Reptile revelry to celebrate new Nebraska Field Guide |

Reptile revelry to celebrate new Nebraska Field Guide

LINCOLN, Neb. – Fans of frogs, lovers of lizards and seekers of serpents now have a valuable new resource in “A Field Guide to the Amphibians and Reptiles of Nebraska.”

A book launch, the Reptile Revelry Reception, is scheduled Tuesday, June 29, 4-6 p.m. at Hardin Hall, 33rd and Holdrege. It will include a live animal display, door prizes and refreshments; parking is free.

Herpetologist Daniel D. Fogell, a doctoral student at the University of Nebraska-Lincoln’s School of Natural Resources, has written a major update of the previous guide issued in 1942. This much improved version include’s Fogell’s photographs of these slithery creatures. Since the original guide was issued, several new species of amphibians and reptiles have been found in the state, or have had significant shifts in the geographic distributions. All records in the guide are based on voucher specimens in museums.

“Every kid who ever wants to explore the natural areas in his or her neighborhood needs a field guide,” Fogell said. “Nebraska was lacking a field guide to amphibians and reptiles. Now we have one.”

Because it fits in a back pocket, the guide is ideal for use in the wild. It features two pages on each of the 62 species of amphibians or reptiles that live in Nebraska. A page of text includes a description, natural history, the habitat and distribution of the species. A facing page of photos helps visually identify species and locate the counties in the state where a species is found. There is a key that will help observers figure out what species they have and illustrations show types and patterns of scales that can assist in their search for the identity. It also includes the legal status of each species, a glossary, and a map of the habitats found across the state. A “life list” at the end will aid observers who would like to ensure that they have laid eyes on each species of snake, lizard, frog, toad, salamander and turtle in Nebraska.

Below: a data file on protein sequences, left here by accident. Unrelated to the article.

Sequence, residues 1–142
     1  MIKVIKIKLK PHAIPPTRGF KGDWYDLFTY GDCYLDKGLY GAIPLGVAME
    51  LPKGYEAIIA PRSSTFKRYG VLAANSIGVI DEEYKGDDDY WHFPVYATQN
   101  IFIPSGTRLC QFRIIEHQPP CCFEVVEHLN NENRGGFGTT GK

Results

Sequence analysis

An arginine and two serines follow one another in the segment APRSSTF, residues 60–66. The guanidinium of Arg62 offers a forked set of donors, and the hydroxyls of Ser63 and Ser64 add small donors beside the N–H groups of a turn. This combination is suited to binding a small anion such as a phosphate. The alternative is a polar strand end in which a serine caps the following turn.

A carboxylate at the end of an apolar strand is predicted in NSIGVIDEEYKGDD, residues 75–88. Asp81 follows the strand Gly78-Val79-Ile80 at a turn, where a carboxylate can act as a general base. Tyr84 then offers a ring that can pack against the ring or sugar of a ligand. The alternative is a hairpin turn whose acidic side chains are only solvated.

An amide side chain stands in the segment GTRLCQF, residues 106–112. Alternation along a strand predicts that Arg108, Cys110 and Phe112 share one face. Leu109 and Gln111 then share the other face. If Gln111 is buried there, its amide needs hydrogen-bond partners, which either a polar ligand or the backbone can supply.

The School of Natural Resources, the publisher of the guide, is donating a library copy to every county in the state.

“I want every kid, student, naturalist, biologist and nature center to have a copy of this book so that they can positively identify any amphibian and reptile they encounter,” Fogell said. “The maps will help them determine whether the sighting is expected, or if it is a new locality for the species. And once a new locality is discovered, my hope is that someone will send me a photograph, so we can better understand distributions. Given the changing climate and land uses, it is very important to know where the animals are now and what kinds of changes they can tolerate.”

This informal corps of citizen scientists could greatly expand the knowledge of exactly where things are and how they are changing. “Over the past few decades, there has been much research done in only a few regions of Nebraska,” Fogell said. “There are many other regions that have been ignored.”

Fogell teaches biology and related subjects at Southeast Community College in Lincoln. Editorial and financial support for printing and publishing the book came from the Conservation and Survey Division at SNR, the Nebraska Herpetological Society, the Nebraska Reptile Breeders Expo, the Center for North American Herpetology, and the Nebraska Game and Parks Commission.

To send photos, stories or questions, please send email to

The guide is available for $17.99 from Nebraska Maps and More on the first floor of Hardin Hall at 33rd and Holdrege, online at and, and from other regional booksellers.

To place an order over the phone, please call (402) 472-3471. Nebraska Maps and More will also donate a copy to a public library in each county in Nebraska.

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